• Assess your after-tax income stream if you retire at age 55 or 62, how a potential vacation home purchase will affect cash flows, and whether it’s better to buy with cash or a mortgage
  • Analyze pre-tax contributions versus Roth 401(k) contributions, Mega Backdoor Roth, or a Roth conversion strategy in retirement considering cash flow needs, tax savings, and legacy goals

As the above scenarios illustrate, to simultaneously analyze all relevant aspects of a complex decision, you’ll need a financial plan. While a blueprint is the only way to put all the pieces together, it’s also important that the plan be actionable and decision-driven.

Sometimes investors aren’t faced with a big decision and just need to get an idea of ​​what they could get by maximizing their 401(k) in retirement income.

Need to quantify tax planning opportunities

It is always important not to let the tax tail wag the dog when making financial decisions. But many money movements have tax implications and cash flow considerations. A financial plan integrates these components, balancing alignment with long-term wealth goals.

For example, if someone has charitable leanings, there are planning opportunities with donor-recommended funds and qualified charitable distributions. Knowing this goal, tax planning with Roth strategies may not make sense in the context of the whole situation. A financial model can help quantify the best approach.

Alternatively, if the goal is to leave an inheritance to the family, investors may prefer to pay the tax using Roth strategies even if there are no tax savings. Or since non-spouse beneficiaries are now required to have inherited retirement accounts in 10 years, it may be better to spend these assets since taxable brokerage accounts are eligible for an increase in basis (depending on current legislation). A plan can assess the feasibility and magnitude of legacy planning from a cash flow perspective to help ensure that the individual does not risk running out of money.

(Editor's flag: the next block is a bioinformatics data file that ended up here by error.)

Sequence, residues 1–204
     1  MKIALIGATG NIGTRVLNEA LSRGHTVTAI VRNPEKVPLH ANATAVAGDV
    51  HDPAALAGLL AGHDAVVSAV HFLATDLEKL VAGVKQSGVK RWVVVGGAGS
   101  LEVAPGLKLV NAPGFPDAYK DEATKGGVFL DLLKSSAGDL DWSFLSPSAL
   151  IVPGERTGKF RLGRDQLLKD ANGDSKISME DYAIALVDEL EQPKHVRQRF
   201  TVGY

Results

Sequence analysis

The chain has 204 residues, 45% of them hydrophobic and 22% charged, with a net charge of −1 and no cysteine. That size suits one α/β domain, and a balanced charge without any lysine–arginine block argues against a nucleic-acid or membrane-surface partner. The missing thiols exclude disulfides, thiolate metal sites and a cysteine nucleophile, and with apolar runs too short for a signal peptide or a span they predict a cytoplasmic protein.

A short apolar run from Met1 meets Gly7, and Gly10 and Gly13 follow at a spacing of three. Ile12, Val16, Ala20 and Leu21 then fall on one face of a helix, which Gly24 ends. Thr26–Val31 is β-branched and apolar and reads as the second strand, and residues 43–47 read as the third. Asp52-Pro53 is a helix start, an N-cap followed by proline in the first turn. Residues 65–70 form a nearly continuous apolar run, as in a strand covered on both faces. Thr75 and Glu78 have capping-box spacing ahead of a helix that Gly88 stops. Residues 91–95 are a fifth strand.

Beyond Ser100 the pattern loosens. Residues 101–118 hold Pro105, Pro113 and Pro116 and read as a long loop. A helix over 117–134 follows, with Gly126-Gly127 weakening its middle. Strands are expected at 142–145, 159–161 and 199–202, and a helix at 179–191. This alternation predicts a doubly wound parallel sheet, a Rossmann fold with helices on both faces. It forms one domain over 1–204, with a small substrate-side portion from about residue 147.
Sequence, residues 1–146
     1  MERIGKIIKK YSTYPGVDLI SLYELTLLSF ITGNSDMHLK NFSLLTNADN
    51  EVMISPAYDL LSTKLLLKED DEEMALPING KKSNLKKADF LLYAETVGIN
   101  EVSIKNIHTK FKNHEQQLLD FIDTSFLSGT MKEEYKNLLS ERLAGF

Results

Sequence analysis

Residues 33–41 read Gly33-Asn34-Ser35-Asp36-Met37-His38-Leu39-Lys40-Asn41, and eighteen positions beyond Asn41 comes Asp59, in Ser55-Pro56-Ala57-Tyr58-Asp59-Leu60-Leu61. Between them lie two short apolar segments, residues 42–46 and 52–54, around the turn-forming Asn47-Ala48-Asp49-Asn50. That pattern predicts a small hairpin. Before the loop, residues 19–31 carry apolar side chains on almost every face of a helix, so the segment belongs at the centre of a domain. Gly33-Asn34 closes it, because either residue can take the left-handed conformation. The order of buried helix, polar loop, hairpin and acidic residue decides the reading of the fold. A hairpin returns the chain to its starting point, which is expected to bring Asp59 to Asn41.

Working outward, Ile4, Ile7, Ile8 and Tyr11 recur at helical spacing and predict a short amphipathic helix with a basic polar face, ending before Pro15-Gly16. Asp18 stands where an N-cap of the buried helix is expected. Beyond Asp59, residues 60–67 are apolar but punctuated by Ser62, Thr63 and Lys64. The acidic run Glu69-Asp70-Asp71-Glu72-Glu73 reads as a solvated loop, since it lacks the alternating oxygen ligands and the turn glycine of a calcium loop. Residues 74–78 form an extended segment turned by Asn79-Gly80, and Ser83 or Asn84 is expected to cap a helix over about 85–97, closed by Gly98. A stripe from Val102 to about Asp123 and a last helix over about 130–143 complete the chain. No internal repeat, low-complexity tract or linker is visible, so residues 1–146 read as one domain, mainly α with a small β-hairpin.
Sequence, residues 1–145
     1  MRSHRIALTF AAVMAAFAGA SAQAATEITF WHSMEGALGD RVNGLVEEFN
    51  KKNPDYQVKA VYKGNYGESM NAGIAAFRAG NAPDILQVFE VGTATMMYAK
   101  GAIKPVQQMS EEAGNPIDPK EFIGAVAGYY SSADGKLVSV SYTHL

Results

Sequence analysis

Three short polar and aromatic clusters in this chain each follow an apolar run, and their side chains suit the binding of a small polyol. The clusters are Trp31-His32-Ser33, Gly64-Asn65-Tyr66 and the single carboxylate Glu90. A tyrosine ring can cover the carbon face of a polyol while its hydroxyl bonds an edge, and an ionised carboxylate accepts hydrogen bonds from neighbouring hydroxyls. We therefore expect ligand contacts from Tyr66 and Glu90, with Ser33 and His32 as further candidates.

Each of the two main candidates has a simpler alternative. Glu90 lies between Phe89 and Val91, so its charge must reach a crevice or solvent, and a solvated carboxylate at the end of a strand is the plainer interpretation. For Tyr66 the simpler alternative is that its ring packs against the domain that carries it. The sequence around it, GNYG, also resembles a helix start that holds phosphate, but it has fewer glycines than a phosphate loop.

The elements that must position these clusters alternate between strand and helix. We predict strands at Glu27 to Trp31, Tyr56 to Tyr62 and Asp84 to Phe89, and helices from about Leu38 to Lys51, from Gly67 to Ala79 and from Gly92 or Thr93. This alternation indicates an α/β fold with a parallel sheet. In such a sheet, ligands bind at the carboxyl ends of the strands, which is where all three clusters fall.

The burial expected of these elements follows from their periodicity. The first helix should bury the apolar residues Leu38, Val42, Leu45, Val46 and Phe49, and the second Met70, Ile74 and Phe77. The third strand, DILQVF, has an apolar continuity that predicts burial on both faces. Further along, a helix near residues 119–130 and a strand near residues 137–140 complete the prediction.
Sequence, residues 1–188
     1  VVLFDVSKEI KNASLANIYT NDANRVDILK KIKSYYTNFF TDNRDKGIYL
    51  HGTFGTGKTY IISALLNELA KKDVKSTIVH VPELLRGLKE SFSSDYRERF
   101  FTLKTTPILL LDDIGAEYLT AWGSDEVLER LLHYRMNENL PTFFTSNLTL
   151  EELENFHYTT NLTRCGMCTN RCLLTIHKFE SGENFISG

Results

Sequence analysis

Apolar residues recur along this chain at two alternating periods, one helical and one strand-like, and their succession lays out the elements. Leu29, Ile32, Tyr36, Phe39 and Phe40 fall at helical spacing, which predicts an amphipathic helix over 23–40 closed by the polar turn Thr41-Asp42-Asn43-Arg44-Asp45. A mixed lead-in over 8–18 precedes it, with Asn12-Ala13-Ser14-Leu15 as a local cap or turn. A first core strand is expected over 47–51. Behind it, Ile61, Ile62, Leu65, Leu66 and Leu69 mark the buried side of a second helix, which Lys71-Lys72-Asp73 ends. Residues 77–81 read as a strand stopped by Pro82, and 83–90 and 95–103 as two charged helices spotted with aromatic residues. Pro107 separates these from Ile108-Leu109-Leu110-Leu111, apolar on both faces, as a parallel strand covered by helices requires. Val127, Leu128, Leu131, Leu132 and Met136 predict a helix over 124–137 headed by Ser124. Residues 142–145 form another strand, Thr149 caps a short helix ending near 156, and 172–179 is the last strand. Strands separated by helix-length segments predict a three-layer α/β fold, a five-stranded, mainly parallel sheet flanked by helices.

In a final example, consider an employee with incentive stock options (ISOs) after an initial public offering. If held long enough, ISOs offer tax benefits. However, there is a real risk that the share price could decline substantially during this time. A financial plan could help balance the optimal exercise and sales strategy for various grants from a tax perspective with the financing needs for other goals.

Get help with financial planning if you don’t need a full financial plan

Financial models can be powerful planning tools in the right situations. But sometimes, there’s too much focus on the deliverable as some kind of magic bullet (which it’s not). One of the reasons a complete plan is not always necessary is that advisors often have other tools for projections and calculations. And software is not always the solution either! A key reason to work with a fiduciary advisor is their experience and personal knowledge of your financial situation and goals. This goes far beyond fancy reports and Excel spreadsheets.